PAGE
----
New Publication: Implications of number-space synesthesia on the automaticity of numerical processing
22 March 2012
The paper "Implications of number-space synesthesia on the automaticity of numerical processing" by Gertner, Henik, Reznik, and Cohen Kadosh has been accepted for publication in the journal Cortex.
In this paper we tested number-space synesthetes who visualize numbers in specific spatial configurations. Their spatial-numerical perceptions are assumed to be automatic in nature and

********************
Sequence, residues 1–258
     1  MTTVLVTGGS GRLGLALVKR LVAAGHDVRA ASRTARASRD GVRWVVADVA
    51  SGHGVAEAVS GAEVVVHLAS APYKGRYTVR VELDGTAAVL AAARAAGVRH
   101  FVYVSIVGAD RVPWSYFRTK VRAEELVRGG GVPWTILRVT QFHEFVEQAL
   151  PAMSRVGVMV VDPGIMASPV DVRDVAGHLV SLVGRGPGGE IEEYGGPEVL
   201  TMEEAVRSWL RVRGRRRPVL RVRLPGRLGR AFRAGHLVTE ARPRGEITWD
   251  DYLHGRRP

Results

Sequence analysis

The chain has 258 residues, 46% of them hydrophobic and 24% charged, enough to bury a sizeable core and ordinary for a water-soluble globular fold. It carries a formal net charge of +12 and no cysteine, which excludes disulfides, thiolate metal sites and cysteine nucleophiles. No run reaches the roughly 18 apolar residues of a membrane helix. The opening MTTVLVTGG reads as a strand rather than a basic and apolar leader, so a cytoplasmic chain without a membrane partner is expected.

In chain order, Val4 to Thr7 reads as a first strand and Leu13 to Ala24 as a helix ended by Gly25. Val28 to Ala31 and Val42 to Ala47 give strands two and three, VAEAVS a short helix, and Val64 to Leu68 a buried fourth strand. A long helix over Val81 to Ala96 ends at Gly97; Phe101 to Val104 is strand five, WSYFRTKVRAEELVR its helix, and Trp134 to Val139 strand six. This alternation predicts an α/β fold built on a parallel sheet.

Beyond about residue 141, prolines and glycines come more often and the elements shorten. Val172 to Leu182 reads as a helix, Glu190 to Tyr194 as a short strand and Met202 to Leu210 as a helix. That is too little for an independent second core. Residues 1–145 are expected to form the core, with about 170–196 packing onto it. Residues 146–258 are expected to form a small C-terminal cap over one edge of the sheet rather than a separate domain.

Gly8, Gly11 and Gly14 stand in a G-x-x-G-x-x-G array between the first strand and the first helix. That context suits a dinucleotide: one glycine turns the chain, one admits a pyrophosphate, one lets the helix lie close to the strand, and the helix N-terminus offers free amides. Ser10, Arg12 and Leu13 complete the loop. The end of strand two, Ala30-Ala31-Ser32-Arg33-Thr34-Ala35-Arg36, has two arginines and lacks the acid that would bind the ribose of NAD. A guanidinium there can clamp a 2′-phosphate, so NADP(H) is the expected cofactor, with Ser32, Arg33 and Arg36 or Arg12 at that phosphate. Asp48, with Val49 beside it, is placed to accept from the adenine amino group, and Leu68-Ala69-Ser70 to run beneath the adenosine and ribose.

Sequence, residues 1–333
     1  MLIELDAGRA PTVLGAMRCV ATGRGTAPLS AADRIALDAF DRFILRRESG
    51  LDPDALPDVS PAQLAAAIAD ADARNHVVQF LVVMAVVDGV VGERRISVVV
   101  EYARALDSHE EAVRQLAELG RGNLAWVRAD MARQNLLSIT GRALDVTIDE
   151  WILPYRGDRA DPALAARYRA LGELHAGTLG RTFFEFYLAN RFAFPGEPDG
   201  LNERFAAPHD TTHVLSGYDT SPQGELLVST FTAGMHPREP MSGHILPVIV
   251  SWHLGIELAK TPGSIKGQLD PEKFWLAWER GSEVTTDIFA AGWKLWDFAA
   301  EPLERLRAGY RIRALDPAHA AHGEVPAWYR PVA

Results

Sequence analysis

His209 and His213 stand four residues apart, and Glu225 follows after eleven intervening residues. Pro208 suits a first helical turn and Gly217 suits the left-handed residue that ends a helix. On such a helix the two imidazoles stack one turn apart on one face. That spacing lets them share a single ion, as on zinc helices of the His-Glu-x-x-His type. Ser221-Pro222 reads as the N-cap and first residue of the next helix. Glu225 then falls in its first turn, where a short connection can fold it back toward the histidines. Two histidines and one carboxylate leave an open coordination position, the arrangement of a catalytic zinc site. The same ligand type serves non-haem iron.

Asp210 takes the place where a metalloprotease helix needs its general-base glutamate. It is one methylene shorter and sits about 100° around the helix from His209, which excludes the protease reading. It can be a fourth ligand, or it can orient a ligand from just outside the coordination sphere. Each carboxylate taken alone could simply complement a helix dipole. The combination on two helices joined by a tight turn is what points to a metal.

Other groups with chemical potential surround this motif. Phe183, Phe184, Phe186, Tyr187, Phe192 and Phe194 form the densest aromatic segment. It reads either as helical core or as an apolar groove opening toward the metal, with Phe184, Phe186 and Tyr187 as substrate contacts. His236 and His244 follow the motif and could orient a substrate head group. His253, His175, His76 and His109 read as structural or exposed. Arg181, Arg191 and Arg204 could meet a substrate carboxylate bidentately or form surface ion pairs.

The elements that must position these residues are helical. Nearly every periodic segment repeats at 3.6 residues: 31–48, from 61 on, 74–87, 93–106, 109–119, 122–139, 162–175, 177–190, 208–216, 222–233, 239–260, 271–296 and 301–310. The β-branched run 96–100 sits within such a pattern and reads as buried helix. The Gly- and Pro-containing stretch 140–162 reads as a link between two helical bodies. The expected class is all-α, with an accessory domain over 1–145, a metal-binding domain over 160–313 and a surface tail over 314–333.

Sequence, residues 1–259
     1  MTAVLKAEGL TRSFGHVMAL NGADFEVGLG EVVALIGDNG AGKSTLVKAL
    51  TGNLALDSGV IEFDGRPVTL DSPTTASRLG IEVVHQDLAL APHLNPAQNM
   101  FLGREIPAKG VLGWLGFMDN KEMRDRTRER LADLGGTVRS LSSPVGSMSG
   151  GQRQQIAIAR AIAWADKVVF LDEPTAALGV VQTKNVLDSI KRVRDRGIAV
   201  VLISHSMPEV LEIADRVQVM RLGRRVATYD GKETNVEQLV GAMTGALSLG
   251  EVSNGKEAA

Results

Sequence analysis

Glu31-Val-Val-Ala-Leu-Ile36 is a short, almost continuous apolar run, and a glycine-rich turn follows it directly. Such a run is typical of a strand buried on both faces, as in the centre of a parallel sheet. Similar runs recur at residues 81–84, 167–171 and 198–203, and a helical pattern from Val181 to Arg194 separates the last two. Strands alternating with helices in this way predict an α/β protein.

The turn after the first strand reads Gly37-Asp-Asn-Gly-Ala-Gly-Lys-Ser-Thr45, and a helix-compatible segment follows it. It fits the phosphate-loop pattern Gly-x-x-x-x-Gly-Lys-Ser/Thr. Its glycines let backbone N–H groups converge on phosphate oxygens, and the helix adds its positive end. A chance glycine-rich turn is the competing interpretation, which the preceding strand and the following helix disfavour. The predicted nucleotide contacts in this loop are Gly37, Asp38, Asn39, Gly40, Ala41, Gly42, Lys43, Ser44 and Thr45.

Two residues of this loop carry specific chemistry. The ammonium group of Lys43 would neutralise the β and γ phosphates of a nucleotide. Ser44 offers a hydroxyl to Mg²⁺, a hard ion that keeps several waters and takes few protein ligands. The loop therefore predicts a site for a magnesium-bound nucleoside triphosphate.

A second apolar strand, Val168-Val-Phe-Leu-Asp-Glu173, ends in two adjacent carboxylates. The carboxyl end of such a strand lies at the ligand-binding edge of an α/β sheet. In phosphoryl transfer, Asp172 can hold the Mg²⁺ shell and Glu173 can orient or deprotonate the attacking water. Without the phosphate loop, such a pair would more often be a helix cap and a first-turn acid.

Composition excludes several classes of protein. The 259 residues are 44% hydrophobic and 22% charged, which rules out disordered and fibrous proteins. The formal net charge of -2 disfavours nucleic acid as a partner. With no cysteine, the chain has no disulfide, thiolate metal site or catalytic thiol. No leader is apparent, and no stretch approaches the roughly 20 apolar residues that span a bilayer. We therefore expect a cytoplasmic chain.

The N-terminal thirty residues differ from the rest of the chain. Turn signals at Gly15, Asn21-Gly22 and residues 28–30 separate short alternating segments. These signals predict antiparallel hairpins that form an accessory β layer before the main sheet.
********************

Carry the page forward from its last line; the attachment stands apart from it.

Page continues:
have been found to affect performance in various numerical tasks. The current study tested whether synesthetic number-space associations can modulate the well-established Size Congruency Effect (SiCE), which is considered to be an indication for the automaticity of numerical processing. Two groups, number-space synesthetes and matched controls, were tested on a numerical Stroop task (Henik and Tzelgov, 1982; Cohen Kadosh et al., 2008, 2011). In separate blocks, participants were presented with two digits and asked to make comparative judgments regarding either numerical values (numerical comparison) or physical size (physical comparison). Both dimensions were manipulated orthogonally, creating three congruency levels (congruent, incongruent, and neutral). For the numerical block, both synesthetes and controls showed the classic SiCE, indicating similar automatic processing of physical magnitude. However, in the physical block, synesthetes showed a lack of automatic numerical magnitude processing when the numbers to be compared were presented incompatibly with their relative position on the synesthetic number-form. This finding strongly suggests that synesthetes' number-space perceptions affect their ability to automatically process the semantic meaning of numerals. In light of these results we discussed the involvement of space in automatic magnitude processing for number-space synesthetes and non-synesthetes.